Everywhere it goes it attracts critical praise and awards – over 25 of them now. At the Sundance Film Festival, it won a special jury award for “visionary filmmaking” for its director, Lemohang Jeremiah Mosese. It is the first Lesotho film ever to have been included in the foreign-language category or “best foreign film” category of the Academy Awards.
Here is the film’s official summary: when her village in rural Lesotho is threatened with forced resettlement because of a reservoir development, 80-year-old widow Mantoa (Mary Twala Mhlongo) finds a new will to live and ignites the spirit of resilience within her community.
Mosese is a self-taught filmmaker who fell in love with cinema while watching 16mm films in a town hall in Maseru. He attracted attention with his much-talked-about 2019 feature Mother, I Am Suffocating. This Is My Last Film About You. Though born and raised in Lesotho, he mostly resides in Berlin.
Pansegrouw is herself no stranger to controversial films that tackle taboo subjects head-on. The most well-known of these might be Inxeba (The Wound, 2017) which she co-produced. Anna-Marie Jansen van Vuuren interviewed her.
What makes the film so special?
The film is very close to my heart. But its the director, Lemohang Jeremiah Mosese, is the ‘tour de force’ behind its success – and the reason why it pulls at the heartstrings of viewers from all over the world.
I believe the film’s narrative is a personal one for him. Could you elaborate on this?
Firstly, it is inspired by his grandmother who lives in a village that is right now on the verge of being forcibly resettled. But as a child Lemohang and his family were evicted from their home to make way for water infrastructure in Lesotho.
Since then, Lemohang is someone who has never really felt part of society, he has always felt like an outsider. And now even more so as a Masotho man living in Europe. And then when he returns to Lesotho, he is still considered to be an outsider, because of his German residency. Thus, he is really interested in one’s relationship with one’s homeland and what it means.
Another theme of the film is life and death. The main character, Mantoa, is preparing for her death by arranging her funeral and saying farewell to those around her…?
Lemohang calls this “the brutal march of time”. By that, he means that nature can be cruel in its treatment of mere mortals. Tied to that, he is also fascinated by how modernity is clashing more and more with tradition – and what that means, particularly for rural communities that do not know any other way of existing.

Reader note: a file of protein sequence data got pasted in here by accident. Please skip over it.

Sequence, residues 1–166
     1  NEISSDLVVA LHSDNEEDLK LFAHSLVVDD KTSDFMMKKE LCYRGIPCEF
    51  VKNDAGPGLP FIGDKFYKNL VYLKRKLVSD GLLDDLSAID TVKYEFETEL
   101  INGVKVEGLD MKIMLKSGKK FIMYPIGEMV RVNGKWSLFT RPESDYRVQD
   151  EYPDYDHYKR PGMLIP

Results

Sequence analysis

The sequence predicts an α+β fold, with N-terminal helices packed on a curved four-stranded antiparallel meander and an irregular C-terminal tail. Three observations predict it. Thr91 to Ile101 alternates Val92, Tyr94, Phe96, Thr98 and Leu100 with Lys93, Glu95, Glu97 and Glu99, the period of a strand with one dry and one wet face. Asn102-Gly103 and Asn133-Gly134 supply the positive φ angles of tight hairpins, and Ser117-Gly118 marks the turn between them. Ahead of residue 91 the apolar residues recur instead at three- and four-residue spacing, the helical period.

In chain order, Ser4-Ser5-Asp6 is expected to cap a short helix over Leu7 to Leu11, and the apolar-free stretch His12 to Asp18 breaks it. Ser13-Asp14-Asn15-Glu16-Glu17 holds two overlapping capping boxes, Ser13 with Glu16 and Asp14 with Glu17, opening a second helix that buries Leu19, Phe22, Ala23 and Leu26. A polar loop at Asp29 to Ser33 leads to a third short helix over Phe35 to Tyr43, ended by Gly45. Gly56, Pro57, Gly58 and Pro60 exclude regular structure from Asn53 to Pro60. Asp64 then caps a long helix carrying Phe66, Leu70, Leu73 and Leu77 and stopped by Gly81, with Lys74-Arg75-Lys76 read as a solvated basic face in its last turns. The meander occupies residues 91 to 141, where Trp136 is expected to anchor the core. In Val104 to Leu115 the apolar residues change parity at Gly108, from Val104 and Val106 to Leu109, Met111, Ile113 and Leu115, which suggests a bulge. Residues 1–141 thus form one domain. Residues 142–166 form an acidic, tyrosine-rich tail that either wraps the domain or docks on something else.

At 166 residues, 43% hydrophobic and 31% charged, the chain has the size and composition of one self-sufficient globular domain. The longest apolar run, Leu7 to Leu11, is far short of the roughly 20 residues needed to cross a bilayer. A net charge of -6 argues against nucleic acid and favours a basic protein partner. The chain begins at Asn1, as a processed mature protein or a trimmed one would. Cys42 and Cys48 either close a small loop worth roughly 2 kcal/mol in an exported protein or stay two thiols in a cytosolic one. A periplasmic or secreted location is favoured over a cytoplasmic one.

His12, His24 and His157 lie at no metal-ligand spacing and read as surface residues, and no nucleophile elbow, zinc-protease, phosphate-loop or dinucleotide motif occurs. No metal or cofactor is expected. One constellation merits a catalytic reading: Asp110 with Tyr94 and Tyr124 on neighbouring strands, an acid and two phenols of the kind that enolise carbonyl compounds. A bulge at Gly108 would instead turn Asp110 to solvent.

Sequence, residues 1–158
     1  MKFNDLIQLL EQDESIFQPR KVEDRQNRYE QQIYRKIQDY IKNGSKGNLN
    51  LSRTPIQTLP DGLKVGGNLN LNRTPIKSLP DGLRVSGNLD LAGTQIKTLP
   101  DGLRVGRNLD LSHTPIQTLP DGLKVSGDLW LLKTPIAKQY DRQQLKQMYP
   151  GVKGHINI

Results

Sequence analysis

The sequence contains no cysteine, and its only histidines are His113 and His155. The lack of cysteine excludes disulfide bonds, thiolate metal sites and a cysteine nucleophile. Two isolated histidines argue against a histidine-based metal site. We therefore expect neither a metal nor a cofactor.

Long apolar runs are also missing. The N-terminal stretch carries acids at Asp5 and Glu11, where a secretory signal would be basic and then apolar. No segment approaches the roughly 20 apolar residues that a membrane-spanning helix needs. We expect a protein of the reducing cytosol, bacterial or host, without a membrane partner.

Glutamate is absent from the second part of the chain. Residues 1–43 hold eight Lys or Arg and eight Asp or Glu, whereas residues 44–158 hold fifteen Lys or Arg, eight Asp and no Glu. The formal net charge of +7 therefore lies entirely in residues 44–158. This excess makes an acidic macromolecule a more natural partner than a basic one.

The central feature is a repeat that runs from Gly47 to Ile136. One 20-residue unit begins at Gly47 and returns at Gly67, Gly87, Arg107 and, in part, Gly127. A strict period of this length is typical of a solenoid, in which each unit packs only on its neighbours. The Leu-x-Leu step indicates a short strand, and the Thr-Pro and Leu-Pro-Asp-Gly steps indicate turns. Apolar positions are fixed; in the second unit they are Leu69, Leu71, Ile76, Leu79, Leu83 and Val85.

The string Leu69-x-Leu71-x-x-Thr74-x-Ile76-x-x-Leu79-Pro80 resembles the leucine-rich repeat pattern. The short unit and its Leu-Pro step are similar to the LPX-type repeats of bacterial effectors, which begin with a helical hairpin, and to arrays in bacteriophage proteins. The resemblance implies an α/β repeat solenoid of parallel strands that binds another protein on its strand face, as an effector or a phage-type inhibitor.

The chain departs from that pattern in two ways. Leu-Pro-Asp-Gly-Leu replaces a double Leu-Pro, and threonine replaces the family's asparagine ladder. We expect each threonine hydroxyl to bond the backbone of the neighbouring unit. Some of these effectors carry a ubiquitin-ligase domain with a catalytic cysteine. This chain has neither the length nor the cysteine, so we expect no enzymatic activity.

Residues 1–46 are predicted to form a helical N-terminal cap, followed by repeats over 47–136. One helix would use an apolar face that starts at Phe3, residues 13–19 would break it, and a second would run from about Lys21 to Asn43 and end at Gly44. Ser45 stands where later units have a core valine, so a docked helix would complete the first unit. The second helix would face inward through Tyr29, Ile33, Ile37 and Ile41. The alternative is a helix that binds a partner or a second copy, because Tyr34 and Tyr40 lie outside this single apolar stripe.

The film critiques development authorities who are expanding Lesotho’s dams and water infrastructure. Do you hope that this film will play a role in creating awareness about the social injustice taking place in Lesotho?
Most of South Africa’s water actually comes from Lesotho. Annually Lesotho exports an estimated 780 million cubic meters of water to South Africa. It is recognised as Africa’s largest water transfer scheme in history. A lot of communities in Lesotho suffer immensely because their water is being sent away. They have a water shortage, although their environment is actually a water source.
Therefore, a lot of work is currently being done with rural communities because they don’t have the tools to take on the government about this. They are not aware of their rights or the instruments that are in place for them to fight for a more just relationship between South Africa and Lesotho.
Is this what drew you to the film?
We did not make this film with an agenda for it to be some kind of exposé or political statement about the water scenario. But I am hopeful that the film will open audiences’ eyes to this multifaceted, complex issue. It is not just about the water shortage or about people being resettled. When they are uprooted, it affects people’s ability to live sustainable, meaningful lives.
Families are often torn apart and individuals’ sense of identity is forever rocked by an experience like this. And what we also deal with in the film is the fact that people’s ancestral graves are destroyed in the process of land being flooded in order to create more dams and reservoirs.
Anna-Marie Jansen van Vuuren is a Lecturer at the Tshwane University of Technology.
This article first appeared on The Conversation.